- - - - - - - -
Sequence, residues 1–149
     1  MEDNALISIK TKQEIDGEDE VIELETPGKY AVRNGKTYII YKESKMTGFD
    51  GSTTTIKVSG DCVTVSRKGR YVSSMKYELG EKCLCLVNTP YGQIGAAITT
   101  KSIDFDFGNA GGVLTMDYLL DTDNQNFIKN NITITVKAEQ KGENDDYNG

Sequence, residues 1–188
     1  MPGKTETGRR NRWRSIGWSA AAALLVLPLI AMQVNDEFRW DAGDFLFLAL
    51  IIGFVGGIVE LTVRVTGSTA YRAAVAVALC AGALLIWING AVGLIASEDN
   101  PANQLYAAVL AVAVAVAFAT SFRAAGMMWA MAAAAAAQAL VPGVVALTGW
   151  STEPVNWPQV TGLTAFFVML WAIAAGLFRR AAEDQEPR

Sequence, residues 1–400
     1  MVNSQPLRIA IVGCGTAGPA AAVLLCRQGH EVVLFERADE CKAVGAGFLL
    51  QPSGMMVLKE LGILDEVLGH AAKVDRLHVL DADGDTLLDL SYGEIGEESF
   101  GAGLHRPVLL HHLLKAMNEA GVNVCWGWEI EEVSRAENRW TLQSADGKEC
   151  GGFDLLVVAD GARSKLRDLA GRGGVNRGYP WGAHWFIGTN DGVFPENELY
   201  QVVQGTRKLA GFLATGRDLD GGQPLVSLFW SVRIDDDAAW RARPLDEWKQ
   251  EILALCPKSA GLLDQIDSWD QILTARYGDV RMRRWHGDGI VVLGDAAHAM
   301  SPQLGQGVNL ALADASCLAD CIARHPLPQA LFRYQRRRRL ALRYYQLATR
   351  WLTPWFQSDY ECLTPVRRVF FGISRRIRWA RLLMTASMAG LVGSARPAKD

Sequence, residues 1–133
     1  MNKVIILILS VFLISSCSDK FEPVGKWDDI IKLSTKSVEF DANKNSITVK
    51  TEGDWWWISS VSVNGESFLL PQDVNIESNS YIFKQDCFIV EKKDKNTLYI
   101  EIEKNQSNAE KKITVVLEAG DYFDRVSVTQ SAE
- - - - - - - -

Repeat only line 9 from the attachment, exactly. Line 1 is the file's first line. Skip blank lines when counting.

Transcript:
   151  STEPVNWPQV TGLTAFFVML WAIAAGLFRR AAEDQEPR